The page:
By Gary M. White, MD

Urticaria multiforme (UM) is a benign cutaneous allergic reaction seen in pediatric patients.


Annular, urticarial, erythematous wheals with dusky, bluish, ecchymotic centers is characteristic. Many patients have an antecedent upper respiratory infection, otitis media, or viral symptoms, such as fagitue, body aches, and/or rhinitis. Certain medications, such as furazolidone and aspirin, recent immunizations, as well as concurrent or recent antibiotic usage, especially amoxicillin, cephalosporins, and macrolides, have been implicated in precipitating or exacerbating disease in patients with urticaria multiforme.

Differential Diagnosis

The true target lesions seen in erythema multiforme are typically not seen in patients with UM. Serum-sickness-like reaction can be distinguished by its prominent fevers, myalgias, arthralgias, and lymphadenopathy.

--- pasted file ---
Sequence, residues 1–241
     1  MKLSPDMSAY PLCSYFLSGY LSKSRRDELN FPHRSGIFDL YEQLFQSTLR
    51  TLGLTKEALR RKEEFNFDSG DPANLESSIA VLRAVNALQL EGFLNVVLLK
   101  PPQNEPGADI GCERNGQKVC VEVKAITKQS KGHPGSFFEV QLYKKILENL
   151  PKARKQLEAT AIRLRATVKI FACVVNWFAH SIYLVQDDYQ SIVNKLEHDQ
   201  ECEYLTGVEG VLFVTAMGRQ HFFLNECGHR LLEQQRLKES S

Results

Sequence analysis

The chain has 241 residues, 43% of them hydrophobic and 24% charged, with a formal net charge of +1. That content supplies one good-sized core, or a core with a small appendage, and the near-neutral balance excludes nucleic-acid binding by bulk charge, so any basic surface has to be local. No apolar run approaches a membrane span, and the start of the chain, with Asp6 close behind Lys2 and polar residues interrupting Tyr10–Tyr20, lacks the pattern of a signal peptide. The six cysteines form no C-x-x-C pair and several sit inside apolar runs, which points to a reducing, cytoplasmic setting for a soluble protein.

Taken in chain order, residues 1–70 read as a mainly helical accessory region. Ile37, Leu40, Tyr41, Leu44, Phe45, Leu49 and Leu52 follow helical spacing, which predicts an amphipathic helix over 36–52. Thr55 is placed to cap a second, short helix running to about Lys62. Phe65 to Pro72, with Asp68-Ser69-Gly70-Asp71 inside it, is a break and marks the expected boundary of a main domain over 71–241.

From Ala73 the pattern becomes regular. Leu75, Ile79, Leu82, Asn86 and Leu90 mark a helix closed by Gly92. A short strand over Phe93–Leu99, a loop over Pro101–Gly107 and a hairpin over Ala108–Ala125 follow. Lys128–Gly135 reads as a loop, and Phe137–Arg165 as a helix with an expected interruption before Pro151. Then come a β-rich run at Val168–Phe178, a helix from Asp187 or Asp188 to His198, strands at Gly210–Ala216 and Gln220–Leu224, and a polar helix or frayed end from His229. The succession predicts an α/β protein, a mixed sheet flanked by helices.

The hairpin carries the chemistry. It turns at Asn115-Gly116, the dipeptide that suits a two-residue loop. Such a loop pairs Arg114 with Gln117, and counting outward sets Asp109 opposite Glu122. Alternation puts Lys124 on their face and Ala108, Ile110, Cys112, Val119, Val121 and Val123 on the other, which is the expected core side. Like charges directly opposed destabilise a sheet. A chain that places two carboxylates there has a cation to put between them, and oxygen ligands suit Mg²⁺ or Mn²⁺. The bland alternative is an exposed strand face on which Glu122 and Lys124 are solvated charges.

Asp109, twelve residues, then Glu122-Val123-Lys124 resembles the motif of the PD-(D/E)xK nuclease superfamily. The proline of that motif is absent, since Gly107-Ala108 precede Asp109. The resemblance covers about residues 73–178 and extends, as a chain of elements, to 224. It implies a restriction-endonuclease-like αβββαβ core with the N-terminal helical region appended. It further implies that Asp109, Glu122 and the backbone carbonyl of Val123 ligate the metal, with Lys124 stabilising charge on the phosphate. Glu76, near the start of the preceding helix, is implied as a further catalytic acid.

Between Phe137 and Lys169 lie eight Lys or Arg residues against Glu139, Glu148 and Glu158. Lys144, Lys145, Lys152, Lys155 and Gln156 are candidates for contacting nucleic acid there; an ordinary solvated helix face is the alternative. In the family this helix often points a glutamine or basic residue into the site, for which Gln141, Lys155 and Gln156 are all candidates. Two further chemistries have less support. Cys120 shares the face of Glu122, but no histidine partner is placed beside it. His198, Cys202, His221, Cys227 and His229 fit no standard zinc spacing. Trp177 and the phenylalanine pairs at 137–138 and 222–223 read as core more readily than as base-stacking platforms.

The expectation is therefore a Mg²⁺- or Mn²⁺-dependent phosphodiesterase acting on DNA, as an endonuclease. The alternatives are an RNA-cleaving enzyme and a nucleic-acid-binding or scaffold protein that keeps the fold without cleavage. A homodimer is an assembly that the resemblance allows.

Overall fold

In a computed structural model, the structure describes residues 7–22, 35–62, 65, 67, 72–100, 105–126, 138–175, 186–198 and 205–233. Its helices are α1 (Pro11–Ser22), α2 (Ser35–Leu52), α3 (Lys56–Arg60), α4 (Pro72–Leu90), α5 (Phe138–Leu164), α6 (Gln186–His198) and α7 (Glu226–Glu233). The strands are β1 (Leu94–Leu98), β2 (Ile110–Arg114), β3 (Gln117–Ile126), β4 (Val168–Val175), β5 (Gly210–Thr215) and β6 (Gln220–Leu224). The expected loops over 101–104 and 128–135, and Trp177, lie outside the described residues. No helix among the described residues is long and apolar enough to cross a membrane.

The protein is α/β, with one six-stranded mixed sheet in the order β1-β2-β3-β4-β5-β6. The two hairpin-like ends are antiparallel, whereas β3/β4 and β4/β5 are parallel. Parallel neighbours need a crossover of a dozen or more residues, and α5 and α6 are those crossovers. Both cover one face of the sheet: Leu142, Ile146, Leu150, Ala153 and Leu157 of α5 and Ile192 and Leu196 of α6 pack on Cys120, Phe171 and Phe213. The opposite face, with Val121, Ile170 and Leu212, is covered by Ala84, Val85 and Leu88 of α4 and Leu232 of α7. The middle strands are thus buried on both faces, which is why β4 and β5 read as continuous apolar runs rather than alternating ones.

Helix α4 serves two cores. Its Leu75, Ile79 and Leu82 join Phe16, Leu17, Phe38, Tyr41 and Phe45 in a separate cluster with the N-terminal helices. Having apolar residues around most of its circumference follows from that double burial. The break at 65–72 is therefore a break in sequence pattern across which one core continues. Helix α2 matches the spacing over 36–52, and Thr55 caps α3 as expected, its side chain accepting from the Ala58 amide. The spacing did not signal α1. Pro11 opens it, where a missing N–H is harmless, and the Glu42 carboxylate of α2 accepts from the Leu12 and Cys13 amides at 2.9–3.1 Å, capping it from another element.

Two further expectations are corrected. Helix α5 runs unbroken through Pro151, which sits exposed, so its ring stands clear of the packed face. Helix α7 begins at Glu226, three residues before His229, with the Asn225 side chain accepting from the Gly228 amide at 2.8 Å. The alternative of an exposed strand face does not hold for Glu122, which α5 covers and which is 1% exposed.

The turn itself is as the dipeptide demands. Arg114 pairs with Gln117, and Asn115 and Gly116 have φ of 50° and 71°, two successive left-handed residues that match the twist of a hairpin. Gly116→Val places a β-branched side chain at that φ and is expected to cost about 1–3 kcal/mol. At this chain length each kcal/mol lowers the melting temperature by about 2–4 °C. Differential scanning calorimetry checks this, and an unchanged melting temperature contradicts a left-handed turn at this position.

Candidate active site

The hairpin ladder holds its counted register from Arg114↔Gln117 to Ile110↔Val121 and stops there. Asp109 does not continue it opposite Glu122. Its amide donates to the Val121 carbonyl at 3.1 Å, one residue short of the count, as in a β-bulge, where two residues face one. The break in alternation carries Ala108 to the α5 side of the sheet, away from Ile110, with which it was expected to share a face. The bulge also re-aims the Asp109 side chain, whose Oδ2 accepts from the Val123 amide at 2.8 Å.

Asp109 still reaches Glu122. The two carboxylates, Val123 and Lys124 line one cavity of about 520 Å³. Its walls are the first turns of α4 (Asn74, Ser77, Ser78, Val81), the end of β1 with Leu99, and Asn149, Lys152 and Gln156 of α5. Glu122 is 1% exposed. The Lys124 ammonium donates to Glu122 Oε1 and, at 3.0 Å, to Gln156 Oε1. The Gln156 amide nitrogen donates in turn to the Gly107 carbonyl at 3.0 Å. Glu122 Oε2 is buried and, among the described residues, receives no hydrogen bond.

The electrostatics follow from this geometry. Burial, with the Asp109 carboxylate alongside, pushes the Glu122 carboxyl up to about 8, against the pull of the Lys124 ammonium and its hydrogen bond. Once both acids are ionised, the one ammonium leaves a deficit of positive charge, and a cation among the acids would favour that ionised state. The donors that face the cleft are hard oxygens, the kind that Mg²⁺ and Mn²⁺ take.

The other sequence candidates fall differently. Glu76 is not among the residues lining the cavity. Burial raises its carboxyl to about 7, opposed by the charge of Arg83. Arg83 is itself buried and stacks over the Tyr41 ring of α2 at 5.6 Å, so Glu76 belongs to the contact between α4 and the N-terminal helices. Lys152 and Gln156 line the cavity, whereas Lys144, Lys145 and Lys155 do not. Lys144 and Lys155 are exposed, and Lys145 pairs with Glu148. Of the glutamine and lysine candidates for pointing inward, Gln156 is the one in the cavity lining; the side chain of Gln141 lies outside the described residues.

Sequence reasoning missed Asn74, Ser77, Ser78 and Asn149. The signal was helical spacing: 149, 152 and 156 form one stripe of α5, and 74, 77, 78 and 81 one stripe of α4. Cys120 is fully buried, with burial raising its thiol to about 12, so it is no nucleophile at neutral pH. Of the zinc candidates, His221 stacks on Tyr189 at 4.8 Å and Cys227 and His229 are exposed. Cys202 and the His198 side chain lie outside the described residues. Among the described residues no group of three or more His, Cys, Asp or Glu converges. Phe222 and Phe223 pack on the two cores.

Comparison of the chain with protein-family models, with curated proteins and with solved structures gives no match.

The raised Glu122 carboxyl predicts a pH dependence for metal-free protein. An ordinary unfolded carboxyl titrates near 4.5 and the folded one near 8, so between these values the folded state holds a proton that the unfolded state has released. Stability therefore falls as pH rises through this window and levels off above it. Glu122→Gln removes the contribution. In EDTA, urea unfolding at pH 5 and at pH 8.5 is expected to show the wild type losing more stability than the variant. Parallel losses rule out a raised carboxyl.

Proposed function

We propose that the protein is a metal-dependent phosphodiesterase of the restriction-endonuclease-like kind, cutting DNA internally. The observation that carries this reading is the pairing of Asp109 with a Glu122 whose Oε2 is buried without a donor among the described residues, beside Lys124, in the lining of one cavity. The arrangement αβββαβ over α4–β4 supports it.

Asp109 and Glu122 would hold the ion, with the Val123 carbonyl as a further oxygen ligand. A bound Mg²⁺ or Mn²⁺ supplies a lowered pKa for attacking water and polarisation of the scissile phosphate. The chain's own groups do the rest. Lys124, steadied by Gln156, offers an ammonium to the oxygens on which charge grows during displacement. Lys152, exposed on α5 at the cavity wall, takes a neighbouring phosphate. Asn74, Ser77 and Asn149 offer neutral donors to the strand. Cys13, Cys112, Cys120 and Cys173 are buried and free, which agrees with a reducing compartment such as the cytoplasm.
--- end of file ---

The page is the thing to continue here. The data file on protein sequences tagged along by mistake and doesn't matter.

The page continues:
Most cases resolve within two weeks untreated. Symptomatic relief may be obtained with oral antihistamines, e.g. cetirizine, diphenhydramine, or hydroxyzine. Rarely, systemic corticosteroids may be needed. Topical therapy has limited value. Limited lab tests may be obtained, but exhaustive evaluations are usually not fruitful.


A 3-year-old girl presented with a pruritic urticarial rash. There was no history of exposure to medications or allergens and no history of similar symptoms. The parents described a viral respiratory illness that had occurred 1 week earlier. Fever (38.8°C) developed on day 2, when the child was at home, as did a generalized polycyclic annular rash with wheals and ecchymotic centers. NEJM challenge


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